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Galería De La Raza Archives CEMA 4
CEMA 4  
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Collection Details
Table of contents What's This?
  • Access Restrictions
  • Use Restrictions
  • Preferred Citation
  • Acquisition Information
  • Organizational History
  • Scope and Content of Collection
  • Series Description

  • Title: Galería De La Raza Archives
    Identifier/Call Number: CEMA 4
    Contributing Institution: UC Santa Barbara Library, Department of Special Collections
    Language of Material: English
    Physical Description: 37.5 linear feet (90 boxes - 23 flat boxes, 8 photo albums, 59 document boxes, 10 slide boxes and posters)
    Date (inclusive): 1969-2000
    Abstract: Administrative records, programs, subject files, correspondence, clippings, slides, photographs, serigraphs, posters, silkscreen prints, ephemera and other creative materials documenting activities of the San Francisco Bay Area Chicano cultural arts center. Includes work by many of the prominent Chicano(a)/Latino(a) artists, such as Juana Alicia, Rodolfo (Rudy) Cuellar, Alfredo De Batuc, Ricardo Favela, Gilbert Luján (Magu), Ralph Maradiaga, Juanishi Orosco, Irene Pérez, Patricia Rodríguez, and René Yañez. (CEMA 4).
    Physical location: Del Norte
    General Physical Description note: 37.5 linear feet, 90 boxes, ten albums of 2,737 slides, and 479 silkscreen prints and posters

    Access Restrictions

    Written authorization from La Galería de la Raza needed for duplication of any portion of the collection. Being amended by GDLR to conform to standard language used now.

    Use Restrictions

    Copyright has not been assigned to the Department of Special Collections, UCSB. All requests for permission to publish or quote from manuscripts must be submitted in writing to the Head of Special Collections. Permission for publication is given on behalf of the Department of Special Collections as the owner of the physical items and is not intended to include or imply permission of the copyright holder, which also must be obtained.

    Preferred Citation

    CEMA 4, Department of Special Collections, University Library, University of California, Santa Barbara.

    Acquisition Information

    Donated by Galería de la Raza, 1986

    Organizational History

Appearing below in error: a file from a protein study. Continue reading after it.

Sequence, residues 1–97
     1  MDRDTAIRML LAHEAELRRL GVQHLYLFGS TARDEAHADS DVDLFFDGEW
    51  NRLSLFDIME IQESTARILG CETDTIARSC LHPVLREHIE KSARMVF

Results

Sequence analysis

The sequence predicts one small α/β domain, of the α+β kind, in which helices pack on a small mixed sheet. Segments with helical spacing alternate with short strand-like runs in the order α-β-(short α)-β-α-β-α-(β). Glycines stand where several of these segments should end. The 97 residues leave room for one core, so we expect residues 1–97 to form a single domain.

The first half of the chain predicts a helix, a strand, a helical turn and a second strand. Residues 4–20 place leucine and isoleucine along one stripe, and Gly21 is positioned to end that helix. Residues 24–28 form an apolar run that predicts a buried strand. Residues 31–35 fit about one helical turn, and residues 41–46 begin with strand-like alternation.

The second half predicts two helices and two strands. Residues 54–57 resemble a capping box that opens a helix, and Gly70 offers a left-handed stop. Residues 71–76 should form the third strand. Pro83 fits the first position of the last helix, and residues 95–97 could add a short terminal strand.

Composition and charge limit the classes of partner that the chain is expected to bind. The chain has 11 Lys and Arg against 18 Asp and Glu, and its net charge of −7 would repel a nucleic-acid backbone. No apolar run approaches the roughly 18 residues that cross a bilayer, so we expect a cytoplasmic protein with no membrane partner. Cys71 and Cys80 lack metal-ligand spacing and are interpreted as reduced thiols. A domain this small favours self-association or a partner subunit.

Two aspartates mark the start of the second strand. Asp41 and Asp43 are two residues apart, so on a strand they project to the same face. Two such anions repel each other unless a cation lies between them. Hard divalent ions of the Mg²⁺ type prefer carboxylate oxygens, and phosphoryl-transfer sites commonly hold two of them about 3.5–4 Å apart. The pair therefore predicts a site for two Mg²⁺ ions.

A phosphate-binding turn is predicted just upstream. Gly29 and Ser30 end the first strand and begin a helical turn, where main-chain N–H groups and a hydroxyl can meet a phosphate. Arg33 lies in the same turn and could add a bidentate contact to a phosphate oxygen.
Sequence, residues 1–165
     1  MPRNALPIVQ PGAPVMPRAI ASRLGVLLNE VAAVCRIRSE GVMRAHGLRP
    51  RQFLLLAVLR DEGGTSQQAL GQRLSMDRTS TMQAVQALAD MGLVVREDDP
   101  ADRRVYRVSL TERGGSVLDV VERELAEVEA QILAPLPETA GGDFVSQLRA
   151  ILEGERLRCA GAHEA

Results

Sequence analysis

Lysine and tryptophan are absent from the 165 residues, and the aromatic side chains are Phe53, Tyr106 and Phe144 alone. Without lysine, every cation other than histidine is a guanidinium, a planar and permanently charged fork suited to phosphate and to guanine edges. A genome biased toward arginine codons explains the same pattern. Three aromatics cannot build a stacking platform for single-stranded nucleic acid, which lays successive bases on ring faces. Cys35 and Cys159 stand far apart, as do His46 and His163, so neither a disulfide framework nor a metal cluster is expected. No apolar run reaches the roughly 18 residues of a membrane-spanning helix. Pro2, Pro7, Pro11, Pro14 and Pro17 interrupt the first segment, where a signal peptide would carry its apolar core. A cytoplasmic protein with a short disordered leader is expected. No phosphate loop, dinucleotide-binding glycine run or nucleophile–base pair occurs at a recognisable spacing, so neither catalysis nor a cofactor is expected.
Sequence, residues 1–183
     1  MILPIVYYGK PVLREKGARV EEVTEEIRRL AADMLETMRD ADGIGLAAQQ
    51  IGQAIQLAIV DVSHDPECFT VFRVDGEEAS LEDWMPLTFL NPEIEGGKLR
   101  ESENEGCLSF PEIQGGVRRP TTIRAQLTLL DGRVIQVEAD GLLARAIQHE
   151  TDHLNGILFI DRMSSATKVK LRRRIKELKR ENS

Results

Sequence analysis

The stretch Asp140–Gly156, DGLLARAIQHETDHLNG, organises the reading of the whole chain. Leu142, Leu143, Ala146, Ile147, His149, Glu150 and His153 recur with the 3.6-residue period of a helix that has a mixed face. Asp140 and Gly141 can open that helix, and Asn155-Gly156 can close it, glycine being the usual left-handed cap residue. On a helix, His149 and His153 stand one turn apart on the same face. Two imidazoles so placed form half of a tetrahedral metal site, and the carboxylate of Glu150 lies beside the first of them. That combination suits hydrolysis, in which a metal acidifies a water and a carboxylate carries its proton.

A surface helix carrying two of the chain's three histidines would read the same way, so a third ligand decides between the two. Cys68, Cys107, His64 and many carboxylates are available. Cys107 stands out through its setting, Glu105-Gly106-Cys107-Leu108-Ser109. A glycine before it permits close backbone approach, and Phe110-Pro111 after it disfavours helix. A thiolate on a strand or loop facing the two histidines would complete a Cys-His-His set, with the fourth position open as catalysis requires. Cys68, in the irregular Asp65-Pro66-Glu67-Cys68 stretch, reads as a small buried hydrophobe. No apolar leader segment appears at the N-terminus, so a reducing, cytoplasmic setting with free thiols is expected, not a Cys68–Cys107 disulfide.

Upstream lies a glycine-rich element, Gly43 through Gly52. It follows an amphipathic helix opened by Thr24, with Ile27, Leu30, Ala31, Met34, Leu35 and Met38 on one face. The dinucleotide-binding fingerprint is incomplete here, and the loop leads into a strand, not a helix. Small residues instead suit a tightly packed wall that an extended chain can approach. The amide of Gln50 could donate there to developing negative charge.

Galería de la Raza (GDLR) is a non-profit community arts organization that promotes Chicano and Latino art and culture in the San Francisco Bay Area and beyond. Founded in 1970, the GDLR was, like many other such centros, a product of the Chicano civil rights movement in the 1960s and 1970s. The movement called for artistic emphasis on everyday lives and on community activities of the Chicano/Latino people. These principles guided the GDLR and set it apart from mainstream art organizations in terms of philosophy and organization. Throughout its history, the GDLR has striven not only to make art accessible to the community, especially in the largely Chicano/Latino Mission District of San Francisco, but also to involve the public in the very creation of art works. The origin of the GDLR can be traced to a Spring 1969 exhibition in Oakland, "New Symbols for La Nueva Raza," by the Mexican American Liberation Art Front (MALAF). Aimed at "integrating art into the Chicano social revolution sweeping the country," MALAF brought together four Chicano/Latino artists, Esteban Villa, Manuel Hernandez, Malaquias Montoya, and René Yañez. In 1970, a larger group established the Galería de la Raza as an artistic collective, on 14th Street in San Francisco's Mission District. Members of that group included Rupert García, Peter Rodríguez, Francisco Camplis, Peter Rodriguez, Graciela Carrillo, Jerry Concha, Gustavo Ramos Rivera, Carlos Loarca, Manuelo Villamor, Robert González, Luis Cervantez, Chuy Campusano, Rolando Castellón, Ralph Maradiaga, and René Yañez. Later, Maradiaga became the administrative director and Yañez the artistic director. In 1972, GDLR moved to its present location on 24th Street at Bryant Street in the Mission District. In 1985, Humberto Cintrón became administrative director following Maradiaga's death. Enrique Chagoya succeeded Yañez in 1987 as artistic director. In 1990, María Pinedo became executive director of the GDLR, and was succeeded in 1993 by Liz Lerma. She was followed by Gloria Jaramillo in 1995, and by Carolina Ponce de Leon in 1999. In its first decade, the GDLR devoted itself to reclaiming the images and practices of popular Mexican/Latino traditions. It helped introduce and popularize the Mexican artist and political activist Frida Kahlo and the celebration of El Día de los Muertos ("The Day of the Dead"). In 1980, the GDLR started its second decade with the founding of Studio 24, a gift store. Studio 24 has served as a means to generate revenue for the GDLR in face of cuts in federal funds for arts, and as an experiment in a new form of community art organization. During the 1980s, the GDLR expanded its international coverage, with exhibitions on the crises in South Africa, the Caribbean, and Central America. The GDLR has in the early 1990s further expanded its commitment to the Chicano/Latino community by focusing on not only race, but also gender and sexual identity. In 1995, the GDLR launched the (Re)Generation Project with a variety of programs, to celebrate its 25th anniversary and to promote inter-generational dialogs among Chicano(a)/Latino(a) artists. Also that year it mounted a retrospective exhibition "The Defiant Eye" at San Francisco’s Yerba Buena Gardens, curated by Teresita Romo.